Why food can help your students understand each other's faith

Posted on July 28, 2017 by Linda Geevanathan
Categories: Primary, Secondary,

Linda moved to Luton in 2002 to join Hope Church. She has lived in several countries around the world including Singapore, Australia and Nigeria, but she spent the first years of her life here in Luton. Linda taught in a primary school in Luton for ten years and then spent a year on an internship at Bethel Church in Redding, California. These days, Linda balances her time between primary teaching, overseeing the youth and children's work at the church and volunteering for a local charity. 


We as a nation are facing a time of increasing division between people of different religions and cultures.  From American politics we are bombarded with images of building walls and travel bans and as a nation ourselves we are living through what Brexit looks like, what it means to be British and the horrific attacks committed by broken people in London and in Manchester.  It is into this mixed up, uncertain climate that our young people are making decisions, where they are forming ideas and building what will become their ‘normal’ ways of thinking and living. 

Unfortunately, many of our young people, despite living in multi-cultural towns, may never set foot into the home of someone from a different faith or cultural background to them, they may never share a meal with them, never try to build anything more than a superficial relationship.  They simply live parallel lives, flowing along together, but never really connecting in any consequential way.  They may see people of other faiths and perhaps be acquaintances with some but really they share little relationship, depth or community with those from other backgrounds. 

How we combat, ignorance and hatred is so important.  We can’t ignore what’s going on or be afraid to talk about it with our young people, even better than that would be to provide our youth with safe places where they can have healthy dialogue with people who are different to them.  There we teach our young people vital life skills; of tolerance, to listen, to respect those from different faiths, to speak positively and to build relationships so that they can see the things they have in common, as well as to honour the differences.  Providing forums for our young people to talk about faith in healthy ways is more than an important skill, it is crucial, particularly in today’s climate.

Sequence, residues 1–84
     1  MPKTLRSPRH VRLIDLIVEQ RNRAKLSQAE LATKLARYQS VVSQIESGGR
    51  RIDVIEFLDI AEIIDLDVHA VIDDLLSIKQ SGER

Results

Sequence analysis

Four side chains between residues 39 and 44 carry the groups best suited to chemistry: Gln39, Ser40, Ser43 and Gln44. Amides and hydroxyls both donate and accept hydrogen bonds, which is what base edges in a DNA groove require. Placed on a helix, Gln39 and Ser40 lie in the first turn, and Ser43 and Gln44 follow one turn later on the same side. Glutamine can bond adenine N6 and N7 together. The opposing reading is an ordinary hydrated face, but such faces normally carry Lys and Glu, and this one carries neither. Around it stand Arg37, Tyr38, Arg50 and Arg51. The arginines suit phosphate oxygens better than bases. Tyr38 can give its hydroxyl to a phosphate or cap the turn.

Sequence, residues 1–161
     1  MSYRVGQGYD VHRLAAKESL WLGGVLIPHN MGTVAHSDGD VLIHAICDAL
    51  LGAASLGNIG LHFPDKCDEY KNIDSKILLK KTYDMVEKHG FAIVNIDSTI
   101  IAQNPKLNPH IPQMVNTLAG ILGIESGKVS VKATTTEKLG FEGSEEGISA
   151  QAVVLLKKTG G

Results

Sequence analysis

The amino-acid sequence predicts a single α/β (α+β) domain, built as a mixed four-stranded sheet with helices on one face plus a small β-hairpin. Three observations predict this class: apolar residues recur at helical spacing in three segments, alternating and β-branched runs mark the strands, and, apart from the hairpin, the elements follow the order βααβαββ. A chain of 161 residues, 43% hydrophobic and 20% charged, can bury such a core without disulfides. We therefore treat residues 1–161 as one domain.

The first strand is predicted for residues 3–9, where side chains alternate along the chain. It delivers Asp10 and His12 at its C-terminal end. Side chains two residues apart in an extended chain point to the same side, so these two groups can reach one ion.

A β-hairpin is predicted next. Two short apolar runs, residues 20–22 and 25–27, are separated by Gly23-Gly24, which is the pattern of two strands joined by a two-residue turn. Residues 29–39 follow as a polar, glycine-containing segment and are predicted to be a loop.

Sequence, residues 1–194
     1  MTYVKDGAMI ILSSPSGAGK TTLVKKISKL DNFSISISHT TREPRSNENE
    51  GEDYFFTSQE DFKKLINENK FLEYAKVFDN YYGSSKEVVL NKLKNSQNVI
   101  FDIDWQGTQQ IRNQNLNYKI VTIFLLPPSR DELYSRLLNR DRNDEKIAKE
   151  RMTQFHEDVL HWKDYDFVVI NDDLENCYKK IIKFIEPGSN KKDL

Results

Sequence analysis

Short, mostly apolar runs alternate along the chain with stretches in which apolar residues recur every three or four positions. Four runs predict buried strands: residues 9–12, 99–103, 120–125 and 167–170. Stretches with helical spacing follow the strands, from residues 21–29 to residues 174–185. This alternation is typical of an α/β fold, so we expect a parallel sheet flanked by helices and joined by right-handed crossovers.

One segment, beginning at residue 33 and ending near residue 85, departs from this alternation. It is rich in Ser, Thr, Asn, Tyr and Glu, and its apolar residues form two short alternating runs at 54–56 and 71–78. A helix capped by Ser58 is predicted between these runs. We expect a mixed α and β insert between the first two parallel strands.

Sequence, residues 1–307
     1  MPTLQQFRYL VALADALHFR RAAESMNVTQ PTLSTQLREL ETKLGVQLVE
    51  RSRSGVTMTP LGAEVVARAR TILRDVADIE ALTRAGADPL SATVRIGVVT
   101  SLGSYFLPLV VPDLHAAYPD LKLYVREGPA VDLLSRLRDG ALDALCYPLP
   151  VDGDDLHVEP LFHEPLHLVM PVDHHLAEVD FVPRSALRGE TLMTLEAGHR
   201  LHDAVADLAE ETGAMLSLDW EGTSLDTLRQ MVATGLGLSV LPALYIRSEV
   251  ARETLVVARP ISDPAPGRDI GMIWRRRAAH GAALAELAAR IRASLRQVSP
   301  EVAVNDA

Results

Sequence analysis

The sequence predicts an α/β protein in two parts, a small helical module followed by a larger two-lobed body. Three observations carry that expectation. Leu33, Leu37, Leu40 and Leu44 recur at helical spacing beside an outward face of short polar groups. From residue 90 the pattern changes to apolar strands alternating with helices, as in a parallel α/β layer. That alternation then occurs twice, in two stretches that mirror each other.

‘The Feast’ is an organisation that was set up with the key purpose of bringing together teenagers from different religious backgrounds and cultures to build friendships, explore faith and hopefully, change lives. 

It creates a safe place where young people can eat together, socially interact and share their thoughts in an honest way; it facilitates discussion between the young people, giving them space to share about their own faith and to discuss current issues from a faith perspective.  In this process, the groups are not out to convert each other, instead they are given the opportunity to build friendships and find common ground with those from different communities.  They use a set of guidelines for dialogue which are brilliant at facilitating healthy conversations.  

We need to do more than address issues that breed ignorance and segregation, we have a responsibility to give our young people a place where they can safely talk about faith with others from different faiths.  We want to face fear and intolerance head on, not by ignoring faith or issues of faith, but instead through building real friendship across faiths.


If you have found helpful ways of creating meaningful dialogue between different faith groups in schools, leave them in the comments below. It might just help someone looking for a new idea

To check out The Feast head to http://thefeast.org.uk/